01 November 2007

Still with the birds - and beyond

Once you're aware of something (eg, dove-like birds) you see it everywhere. This bowl is from the 1870s, made by Royal Copenhagen.

I found it while looking to find work by Michele Walker on the web. A pioneer of art quilts, her "Complete Book of Quiltmaking" (1986) is out of print but highly regarded, and I've been inspired by another book of hers, "The Passionate Quilter" (1990). See her piece Assault and Battery (2003) here and this site has a photo of Makers Unknown, which was in her 2005 exhibition, Memory Sticks. The poles, wrapped in fabric reclaimed from clothing, are the height of a person; the "hair" is tied on by fabric representing the sweatbands still used by workers.
Now Michele has moved out of quilting per se into a wider textile-based art practice. Caught her Stitching for Survival on its last day - a theme is memory and identity, and it draws on her experience in Japan (mainly researching sashiko and the significance of the patterns) and uses aspects of clothing, drawing on her friendships with "ordinary, unimportant" women who remember sashiko as important in their way of life. One item in the exhibition was a well worn waistcoat made over 70 years ago as part of a wedding dowry; it's full of the hand and life of the maker.

Another piece is based on a cave, Sai no Kawara, visited by parents who had lost children - such caves are thought to represent places where the souls of dead babies and children reside. Outside the cave are hundreds of small statues of the guardian deity of children. Thinking about how to convey her experience, Michele says she started noticing babies' legs and feet sticking out from baby carriers - "the only clue to what was underneath". The piece No Cry consists of characterless, baby-like bundles of cloth, strapped to short poles, with character-full dangling legs and feet.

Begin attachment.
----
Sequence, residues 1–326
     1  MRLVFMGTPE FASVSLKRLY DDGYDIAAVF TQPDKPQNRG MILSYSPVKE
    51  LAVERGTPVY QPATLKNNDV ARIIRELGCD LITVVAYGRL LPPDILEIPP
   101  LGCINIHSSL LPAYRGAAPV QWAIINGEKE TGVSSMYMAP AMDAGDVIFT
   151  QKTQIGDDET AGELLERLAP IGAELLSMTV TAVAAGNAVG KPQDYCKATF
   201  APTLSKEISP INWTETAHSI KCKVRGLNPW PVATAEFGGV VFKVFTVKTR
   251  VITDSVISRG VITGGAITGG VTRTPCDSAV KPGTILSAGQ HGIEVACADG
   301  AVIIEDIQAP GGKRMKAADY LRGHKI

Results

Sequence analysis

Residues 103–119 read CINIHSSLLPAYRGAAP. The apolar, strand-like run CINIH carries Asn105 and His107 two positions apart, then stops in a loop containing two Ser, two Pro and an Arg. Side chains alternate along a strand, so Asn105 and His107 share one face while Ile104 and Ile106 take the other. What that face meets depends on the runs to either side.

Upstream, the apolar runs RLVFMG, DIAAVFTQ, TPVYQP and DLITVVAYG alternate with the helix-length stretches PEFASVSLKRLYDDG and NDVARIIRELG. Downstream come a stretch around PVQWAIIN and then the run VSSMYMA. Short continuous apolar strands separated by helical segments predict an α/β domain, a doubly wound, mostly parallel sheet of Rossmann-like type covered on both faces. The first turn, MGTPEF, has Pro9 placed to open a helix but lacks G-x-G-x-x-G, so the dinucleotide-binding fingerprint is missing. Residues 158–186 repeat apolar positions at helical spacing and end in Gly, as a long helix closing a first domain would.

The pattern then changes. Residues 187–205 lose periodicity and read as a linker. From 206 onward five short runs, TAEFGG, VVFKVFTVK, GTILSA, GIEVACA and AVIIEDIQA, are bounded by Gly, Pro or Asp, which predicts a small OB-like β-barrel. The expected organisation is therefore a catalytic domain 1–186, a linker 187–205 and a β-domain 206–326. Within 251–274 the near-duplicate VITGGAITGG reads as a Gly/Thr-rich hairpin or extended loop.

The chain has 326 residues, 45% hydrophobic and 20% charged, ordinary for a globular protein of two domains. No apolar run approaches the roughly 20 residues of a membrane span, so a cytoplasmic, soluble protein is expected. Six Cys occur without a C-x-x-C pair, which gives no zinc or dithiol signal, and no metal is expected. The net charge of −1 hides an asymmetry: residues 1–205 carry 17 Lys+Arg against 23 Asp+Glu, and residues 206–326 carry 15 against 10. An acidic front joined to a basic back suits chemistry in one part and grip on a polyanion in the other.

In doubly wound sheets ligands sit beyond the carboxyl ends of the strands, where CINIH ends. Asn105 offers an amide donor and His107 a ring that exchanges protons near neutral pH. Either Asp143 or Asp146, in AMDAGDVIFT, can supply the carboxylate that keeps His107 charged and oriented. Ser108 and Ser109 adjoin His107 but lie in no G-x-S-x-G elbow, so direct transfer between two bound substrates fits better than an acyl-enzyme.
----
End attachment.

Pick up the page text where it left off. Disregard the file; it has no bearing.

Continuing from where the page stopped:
Looking for more links about Michele's work to add, I found this symposium on 9 November about Japanese craft traditions, and an associated exhibiton, "Craftsmen in the Jail of Beauty", at Gallery 47, 47 Great Russell Street (near the British Museum), 7-10 November.


Dale Anne Potter said...

Can't see where to email you....I posted the link to my Coloured Trash piece on my blog......it will take you to my website.
YES, I also wish Artnews had an archive of Featured Artists.
THANKS for stopping by!!!

Linda B. said...

It never fails to amaze me that the word craft has such different connotations when used in conjunction with work in England - homespun, domestic, of lower value than art and in Japan - "crafted" with skill and consumate care, highly valued and of high standard.

Where have we gone wrong?

Karen said...

I have so enjoyed reading your blog - but it is late - so I shall bookmark it and return.